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Friday, July 27, 2012

Witches and Herbs

Witchcraft Medicine: Healing Arts, Shamanic Practices, and Forbidden PlantsWitchcraft Medicine: Healing Arts, Shamanic Practices, and Forbidden Plants by Claudia Muller-Ebeling
My rating: 3 of 5 stars

I bought this book with some pretty high expectations.....A bit of a let down. All I can say is nothing new hear. The book gave a pretty basic over view of the intertwining history between witchcraft and herbalism. Those with a knowledge of Witchcraft 101 or higher I advise you to look elsewhere.

The forest or the wilderness was at onetime home for human kind and believe me Europe was covered with dense forests. Man was a nomadic hunter moving to this place and that place with the animals he hunted. In time man mastered agriculture and learned how to domesticate animals. With this domestication man began building his villages and becoming alienated from the forests. A hedge surrounded the forest and it was in the deep dark forest where all sorts of scary things dwelt. To keep himself safe man grew a hedge around his village to keep the forest out and his family safe inside.

The witch of the wise women used to live close to the hedge. They would communicate with the plant spirits and learn about different cures and how to work with the plants. The women were guided by the spirit of the plants. Wise women were respected and feared. To cure meant that one was able to poison.

The earth was considered the mother, Frau Holle, who later would become demonized as an old hag in faery tales. The Horned God was represented by the sun or the sky and was the one who ploughed the field and placed his seed. The mother gave birth and received the dead body after life was over.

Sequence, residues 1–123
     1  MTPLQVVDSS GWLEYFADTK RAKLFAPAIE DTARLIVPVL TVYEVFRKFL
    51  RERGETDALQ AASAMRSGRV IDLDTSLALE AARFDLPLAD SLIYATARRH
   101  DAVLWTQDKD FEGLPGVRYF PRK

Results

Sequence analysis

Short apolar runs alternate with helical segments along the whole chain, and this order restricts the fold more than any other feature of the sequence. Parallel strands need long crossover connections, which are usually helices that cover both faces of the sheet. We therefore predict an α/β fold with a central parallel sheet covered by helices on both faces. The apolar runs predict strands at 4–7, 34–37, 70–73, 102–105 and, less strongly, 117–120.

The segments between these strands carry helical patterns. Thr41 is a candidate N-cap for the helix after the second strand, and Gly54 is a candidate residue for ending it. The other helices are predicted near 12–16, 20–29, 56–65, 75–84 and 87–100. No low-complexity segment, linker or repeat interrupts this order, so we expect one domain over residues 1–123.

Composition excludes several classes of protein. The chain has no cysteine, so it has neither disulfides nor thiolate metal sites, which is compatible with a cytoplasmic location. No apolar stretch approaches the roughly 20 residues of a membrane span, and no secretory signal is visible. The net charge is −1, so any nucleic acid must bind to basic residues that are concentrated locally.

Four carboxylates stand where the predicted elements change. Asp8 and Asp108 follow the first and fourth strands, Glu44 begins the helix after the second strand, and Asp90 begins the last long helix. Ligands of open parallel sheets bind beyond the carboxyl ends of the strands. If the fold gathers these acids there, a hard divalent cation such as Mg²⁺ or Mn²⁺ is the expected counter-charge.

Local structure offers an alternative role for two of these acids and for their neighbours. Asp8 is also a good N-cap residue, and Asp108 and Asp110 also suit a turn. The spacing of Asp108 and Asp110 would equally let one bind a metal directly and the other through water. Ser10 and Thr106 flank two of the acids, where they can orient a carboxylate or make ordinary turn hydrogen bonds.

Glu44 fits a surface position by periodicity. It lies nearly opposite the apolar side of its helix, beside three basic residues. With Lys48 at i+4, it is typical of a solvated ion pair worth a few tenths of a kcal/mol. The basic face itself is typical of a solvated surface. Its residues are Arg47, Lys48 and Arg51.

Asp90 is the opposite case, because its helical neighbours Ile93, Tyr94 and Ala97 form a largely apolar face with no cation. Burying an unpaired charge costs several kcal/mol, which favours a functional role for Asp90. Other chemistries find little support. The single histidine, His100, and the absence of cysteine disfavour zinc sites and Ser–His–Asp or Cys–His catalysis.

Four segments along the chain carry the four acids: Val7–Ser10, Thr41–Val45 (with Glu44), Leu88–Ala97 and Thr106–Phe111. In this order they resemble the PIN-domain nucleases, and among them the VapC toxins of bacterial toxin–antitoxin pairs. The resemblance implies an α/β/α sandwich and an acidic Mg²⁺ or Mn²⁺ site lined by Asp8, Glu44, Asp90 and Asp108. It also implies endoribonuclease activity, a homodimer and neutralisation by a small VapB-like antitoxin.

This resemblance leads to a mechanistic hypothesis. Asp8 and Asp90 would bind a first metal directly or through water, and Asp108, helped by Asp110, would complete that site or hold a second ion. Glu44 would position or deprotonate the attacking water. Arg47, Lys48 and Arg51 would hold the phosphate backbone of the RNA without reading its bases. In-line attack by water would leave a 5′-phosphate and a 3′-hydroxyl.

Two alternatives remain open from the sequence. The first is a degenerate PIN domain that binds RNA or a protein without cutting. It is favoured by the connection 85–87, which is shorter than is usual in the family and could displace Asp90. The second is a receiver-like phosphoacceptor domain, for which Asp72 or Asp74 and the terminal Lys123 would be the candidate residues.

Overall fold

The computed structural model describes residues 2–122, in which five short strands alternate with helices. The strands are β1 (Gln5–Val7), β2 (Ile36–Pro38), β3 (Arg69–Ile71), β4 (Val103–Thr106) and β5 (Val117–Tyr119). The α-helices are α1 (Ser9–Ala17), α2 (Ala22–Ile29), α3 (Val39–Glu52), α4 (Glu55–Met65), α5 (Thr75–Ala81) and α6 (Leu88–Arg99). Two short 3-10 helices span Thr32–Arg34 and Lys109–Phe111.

The book does cover the mythos of witchcraft rather well. Christian Raatsch writes good chapters on Ethneogens and Hekate the Goddess of the witches. Reading his chapters did clarify things with regards to Hekate and her relation to the moon, Roman Diana, Prosperina and Artemis. I finally understood how Ayahuasca worked and the role of DMT and MAO inhibitors. Written throughout the chapters are lengthy descriptions of the herbs along with a wood cut illustration. I would rather see a photo.

Baneful herbs like Aconite, belladonna, henbane and others were used by witches to astral project and get to the realm of the spirits. The church would later ban these herbs for their association with witchcraft and possession was enough to have someone prosecuted during the burning times. Still these baneful herbs had many medicinal uses that are over looked.

The persecution started by the church and male dominated medical industry continues to this day. Backed by a staunch Christian mentality herbs like hemp, coca and a few others are outlawed despite the scientific proof demonstrating their health benefits. If someone does get intoxicated here and there like a drink after work what of it? It is wrong because someone chewed on a a coca leaf or smoked a joint. The witch scare continues under the form of a scare against drugs.

Despite the over all good view of history and uses of various herbs the book would have benefited the inclusion of some herbal recipes, especially flying ointments which seem rather hard to find. The book could have also added in more historical details.

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Baba-Sali

Baba-Sali
Holy Morroccan Sage engaged in Prayer

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One blond hair blue eyed Calfornian who totally digs the Middle East.
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